Friday, August 26, 2005

The Taliban in Bangalore? 

Nitin/The Acorn has been making a few posts on the funny new laws being enacted by the Bangalore city government to prevent the sale of alcohol after 11:30 pm. The new laws tip from being funny to utterly ridiculous with its ban on dancing, and insistence that classical music be played to prevent people from dancing into the wee hours. This is in Bangalore, which is currently laying claim to being a cosmopolitan and international city. And you can always trust the city government officials to sound super-sanctimonious:
β€˜β€˜The new law is for the good of the people. Why should people stay out late and spoil their own health. We have spoken to a lot of people and learnt that the law has not affected them,’’ says Deputy Commissioner of Police (admn) B Shivakumar.

Well, Shivakumar needs to understand something about a liberal democracy, which India claims to be. Part of the idea is to protect the minority (yes, those immoral dancers) from the tyranny of the majority. Covering up for the fact that the Dharam Singh government is incapable of doing anything constructive, like build real infrastructure for example, by going after people out to have some fun is not going to fool anybody. Despite all the economic progress in India, the babus who continue to be the self-appointed paternalistic guardians of Indian morals and values don't seem to understand the need to stay the hell out of other people's lives. Maybe they don't because they don't understand that morality is a highly relative concept.

These bureaucrats need to have a reading of John Stuart Mill's On Liberty introduced as part of their job requirements. Maybe that way, they will understand the concept of the harm principle, which is one of the cornerstones of a liberal democracy.
The sole end for which mankind are warranted, individually or collectively, in interfering with the liberty of action of any of their number, is self-protection. That the only purpose for which power can be rightfully exercised over any member of a civilised community, against his will, is to prevent harm to others. His own good, either physical or moral, is not sufficient warrant. He cannot rightfully be compelled to do or forbear because it will be better for him to do so, because it will make him happier, because, in the opinion of others, to do so would be wise, or even right... The only part of the conduct of anyone, for which he is amenable to society, is that which concerns others. In the part which merely concerns himself, his independence is, of right, absolute. Over himself, over his own body and mind, the individual is sovereign.

So, the babus could argue that drunken revellers impose an externality on others, thereby causing harm to them. Even assuming this is true (and I don't know this for a fact), surely there are more market-oriented ways to deal with this than an outright ban? What might work?

Assuming there are very high social costs to people getting drunk, how about bars increasing the price of every additional drink? Your third drink will cost 25% more, the fourth one costs 50% more and your sixth costs twice as much as the first. Of course, there are just random numbers. You can insert whatever numbers you like there, but the question is will this form of taxation prevent over-drinking? Or will it turn out to be too difficult to enforce? Is it even warranted if we can instead enforce the concept of designated driving (because drunk driving is a sharp violation of the harm principle)?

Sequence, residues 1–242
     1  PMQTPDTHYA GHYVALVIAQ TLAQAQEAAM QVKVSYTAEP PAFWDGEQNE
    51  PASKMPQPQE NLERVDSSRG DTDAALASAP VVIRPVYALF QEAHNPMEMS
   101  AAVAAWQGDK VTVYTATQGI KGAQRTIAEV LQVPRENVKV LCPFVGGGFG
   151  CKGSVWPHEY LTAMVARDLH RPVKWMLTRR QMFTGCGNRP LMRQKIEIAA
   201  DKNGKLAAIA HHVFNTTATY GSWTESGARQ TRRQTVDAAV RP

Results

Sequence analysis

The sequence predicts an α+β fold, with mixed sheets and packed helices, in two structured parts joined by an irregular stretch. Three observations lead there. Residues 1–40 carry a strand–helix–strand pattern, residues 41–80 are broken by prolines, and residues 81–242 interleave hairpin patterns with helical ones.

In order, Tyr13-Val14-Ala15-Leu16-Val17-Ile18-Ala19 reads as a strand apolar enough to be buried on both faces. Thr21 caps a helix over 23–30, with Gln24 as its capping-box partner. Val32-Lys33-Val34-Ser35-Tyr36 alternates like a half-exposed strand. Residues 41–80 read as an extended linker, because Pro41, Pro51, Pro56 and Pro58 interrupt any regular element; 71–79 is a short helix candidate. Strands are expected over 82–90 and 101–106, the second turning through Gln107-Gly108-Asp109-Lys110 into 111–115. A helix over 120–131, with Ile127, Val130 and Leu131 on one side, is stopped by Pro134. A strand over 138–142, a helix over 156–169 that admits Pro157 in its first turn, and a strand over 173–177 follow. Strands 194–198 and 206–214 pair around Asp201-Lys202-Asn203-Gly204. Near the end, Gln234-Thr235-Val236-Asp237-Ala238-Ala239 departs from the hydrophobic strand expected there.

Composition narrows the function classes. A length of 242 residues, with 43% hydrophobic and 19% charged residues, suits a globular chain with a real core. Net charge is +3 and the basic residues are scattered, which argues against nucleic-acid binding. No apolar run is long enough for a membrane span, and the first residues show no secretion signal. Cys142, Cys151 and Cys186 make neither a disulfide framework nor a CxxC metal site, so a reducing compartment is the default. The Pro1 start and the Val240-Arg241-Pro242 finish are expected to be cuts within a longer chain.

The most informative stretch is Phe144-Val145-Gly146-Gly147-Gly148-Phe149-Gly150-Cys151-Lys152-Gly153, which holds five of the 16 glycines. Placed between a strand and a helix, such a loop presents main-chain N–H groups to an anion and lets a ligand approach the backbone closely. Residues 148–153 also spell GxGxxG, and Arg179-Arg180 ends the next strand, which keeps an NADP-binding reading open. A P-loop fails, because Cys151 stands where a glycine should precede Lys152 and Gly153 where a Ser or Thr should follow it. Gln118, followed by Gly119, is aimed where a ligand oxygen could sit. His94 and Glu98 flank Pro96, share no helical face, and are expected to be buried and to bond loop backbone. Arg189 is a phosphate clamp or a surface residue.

If it is warranted and does work, it will generate additional revenues for the government through taxes, which in turn will offset the costs of additional policing. It will generate additional revenue for the bar, which it can use to clean up the vomit. It will give at least some revellers pause because of the increasing prices. What other ideas do you, dear reader, have in terms of market-based solutions?

While on the subject of liberalism, let me also turn your attention to Kaushik Basu's new piece on the Beeb, which calls for increased social progress in India, especially vis-a-vis the gay community. IPC 377, which actually decrees that homosexual acts are punishable offences owing to their criminality, is a law that has always baffled me. The moral crusaders insist that homosexuality is a foreign import. In fact, IPC 377 (enacted by Macaulay) is the foreign import, while homosexuality was always part and parcel of Indian sexuality. Britain herself abandoned her equivalent of 377 sometime in the 50's or 60's, so why on earth do we persist with it? Once again, if we invoke the harm principle, what possible harm does a homosexual couple inflict on anyone else? Just because you don't like it does not mean you can infringe upon someone's else's rights. Like Basu, I too hope that IPC 377 will be amended soon and that the liberal in liberal democracy will finally mean something real and concrete.

PS: I agree with Nitin that the government is barking up the wrong tree when it comes to dancing. If alcohol imposes a social cost, find a way to deal with it. I can see no social costs, however, to someone dancing the night away in a night club. It simply is not the government's business at all.